Dr. Umashankar shares his insights on the medical camps set at the remote villages in parts of Himalayas
A mere mention of the Himalayas brings peace to many a city dweller. As gorgeous as the snow-capped hilly regions of the country may be, the locals staying here have many challenges of their own. Being cut off from the rest of the country, especially in the colder months of the year, the people here scream out for attention especially when it comes to health.
With the Manali Mission Hospital (also known as Lady Willingdon Hospital) being one of the main hospitals in the entire region, there is always an urgent need for doctors, nurses and other healthcare practitioners here. This made Dr. R Umashankar, a radiologist from Manipal Asia Radiology Group, set up medical camps in these breathtaking yet difficult regions and help many people in need. In an interview with Deepa Natarajan, the renowned doctor, who has been part of this unique endeavor for several years now, speaks about his experience in the hills.
How did you decide to become a doctor, especially a radiologist?
Actually, I was forced to become a doctor (laughs). Those days, there were no doctors in my family and I got a merit seat so my mom forced me to become one. But I never really thought I would get into radiology although I always felt it’s one of the cooler jobs in medicine.
Today, the advancements in radiology amaze me. For instance, with the help of influential radiology, you can remove a puss in the liver without any surgery.
What made you set up camps in remote areas?
I have always associated myself with social work right from the time I finished my MBBS. So when my teacher and mentor Dr. Shalini Govil who used to be part of CMC, Vellore and now heads the radiology department at Manipal Asia Radiology group approached me for this unique community service, I agreed immediately. Now I have been a part of this mission for the last five years and visit the region twice a year, just after the pass opens and before it closes.
Which are the places that you cover?
The camps are set up in places like Lahaul, Spiti Valley, and Champa and partly funded by the Government of Himachal Pradesh. We usually stay in Manali for a day or two to get accustomed to the altitude and then carry on to other places.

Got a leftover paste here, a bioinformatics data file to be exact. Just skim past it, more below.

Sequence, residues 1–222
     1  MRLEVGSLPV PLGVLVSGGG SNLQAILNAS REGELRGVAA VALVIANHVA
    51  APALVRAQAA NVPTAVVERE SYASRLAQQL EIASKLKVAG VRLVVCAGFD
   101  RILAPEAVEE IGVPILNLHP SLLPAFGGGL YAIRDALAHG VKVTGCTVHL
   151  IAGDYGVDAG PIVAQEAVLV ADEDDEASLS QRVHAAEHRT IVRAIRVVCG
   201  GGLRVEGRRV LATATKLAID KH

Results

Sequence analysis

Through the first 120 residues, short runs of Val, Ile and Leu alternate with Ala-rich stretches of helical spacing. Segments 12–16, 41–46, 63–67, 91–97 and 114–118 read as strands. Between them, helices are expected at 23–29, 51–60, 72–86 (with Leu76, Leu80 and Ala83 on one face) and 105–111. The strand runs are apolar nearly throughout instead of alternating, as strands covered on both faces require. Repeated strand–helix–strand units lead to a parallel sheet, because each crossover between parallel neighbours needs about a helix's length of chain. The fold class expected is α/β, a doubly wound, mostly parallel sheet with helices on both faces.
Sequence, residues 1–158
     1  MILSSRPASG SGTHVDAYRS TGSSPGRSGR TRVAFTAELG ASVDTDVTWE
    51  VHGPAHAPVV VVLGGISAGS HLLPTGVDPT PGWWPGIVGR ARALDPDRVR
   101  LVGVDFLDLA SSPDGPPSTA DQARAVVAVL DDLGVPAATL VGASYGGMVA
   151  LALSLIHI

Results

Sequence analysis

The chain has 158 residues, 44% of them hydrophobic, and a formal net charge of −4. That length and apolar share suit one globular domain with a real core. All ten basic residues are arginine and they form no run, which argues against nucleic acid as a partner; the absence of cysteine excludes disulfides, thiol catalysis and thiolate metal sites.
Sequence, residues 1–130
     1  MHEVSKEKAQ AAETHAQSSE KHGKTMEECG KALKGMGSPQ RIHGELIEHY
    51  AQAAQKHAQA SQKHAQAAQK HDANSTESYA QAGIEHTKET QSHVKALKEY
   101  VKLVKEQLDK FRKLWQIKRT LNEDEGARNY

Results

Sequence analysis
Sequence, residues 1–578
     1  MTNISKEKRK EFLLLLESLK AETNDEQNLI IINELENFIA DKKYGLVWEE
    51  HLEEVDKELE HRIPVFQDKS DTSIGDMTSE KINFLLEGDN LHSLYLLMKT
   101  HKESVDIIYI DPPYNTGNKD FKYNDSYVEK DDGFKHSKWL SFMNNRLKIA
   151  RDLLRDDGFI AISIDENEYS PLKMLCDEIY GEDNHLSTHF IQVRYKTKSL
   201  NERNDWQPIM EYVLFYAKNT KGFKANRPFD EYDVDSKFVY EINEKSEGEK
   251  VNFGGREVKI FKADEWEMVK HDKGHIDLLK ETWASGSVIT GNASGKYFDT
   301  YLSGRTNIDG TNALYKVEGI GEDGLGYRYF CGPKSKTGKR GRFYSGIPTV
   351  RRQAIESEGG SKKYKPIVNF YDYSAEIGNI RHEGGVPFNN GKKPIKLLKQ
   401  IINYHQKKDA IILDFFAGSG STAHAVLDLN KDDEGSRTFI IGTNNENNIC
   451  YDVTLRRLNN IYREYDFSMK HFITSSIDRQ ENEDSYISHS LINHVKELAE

We go to various villages and do surgical and screening camps, general check-up, scans etc after obtaining the necessary permits. We have a team of experts from various fields like pharmacy, gynecology and paramedical science in addition to a vehicle full of medical equipment.
What are the challenges faced by the locals in these areas?
While the hills are absolutely beautiful, the people living there are in dire need of medical attention. Although they are loving, friendly and open to treatments, they are cut off from the rest of the country for at least eight months in a year due to heavy snowfall. So in times of a medical emergency, they are just stuck.
For instance, on our first day in Killar, we came across a patient in shock and found out that she was suffering from a ruptured ectopic, which means there was a rupture in her tube during pregnancy. We reached just in time to save her life but unfortunately, couldn’t save the baby.
What are the biggest challenges faced by you and your team every year?
The Rohtang Pass is over 13,000 feet high and Kunzum 15,000 feet. Navigating on these roads is dangerous and challenging. The road to Keylong is one of the most dangerous ones in the world. Then there are places like Killar, that take at least two days to reach, not because of the distance, but the dangerous roads that make us drive at a speed of only 10-15 km/hour.
We also travel at nights on these roads which are also prone to landslides. Last year, there were three landslides on one of the roads and we were stuck for an entire day till the Army came and helped us.
What has been the most memorable part of your journey in the hills?
No phone, television, and gadgets. In fact, I learned that HD Kumaraswamy was the Chief Minister of Karnataka only after coming back (laughs). I also enjoyed savoring the black, red and sweet potatoes which are extremely unique to the area.
One must admit that despite being difficult, the mountains are really addictive. Once you go there, you feel like going back over and over again. This year, I even took my family along since it was the summer holidays for my kids.
Do you plan to branch out to more remote areas across the country?
If I get a chance to then why not! In 2001 during the Gujarat earthquake, I was a part of the medical relief team in a place called Anjar sent by the Karnataka Government. Even during the tsunami in 2005, I went to Nagapattinam.
How has Manipal Asia Radiology Group supported you in your mission?
I am really grateful to the hospital for giving me immense support. The organization is really happy with me going there. Dr. Harsha Rajamam, VP, Manipal Asia Radiology Group and Dr. Harsha Chadaga, Head of Teleradiology, Manipal Asia have always been helpful and supported me throughout. In fact, we are in constant touch with the Manali Mission Hospital as we provide teleradiology services to them.
(This content along with the images was originally published on https://www.healthcareexecutive.in/dr-umashankar-doctor-mission)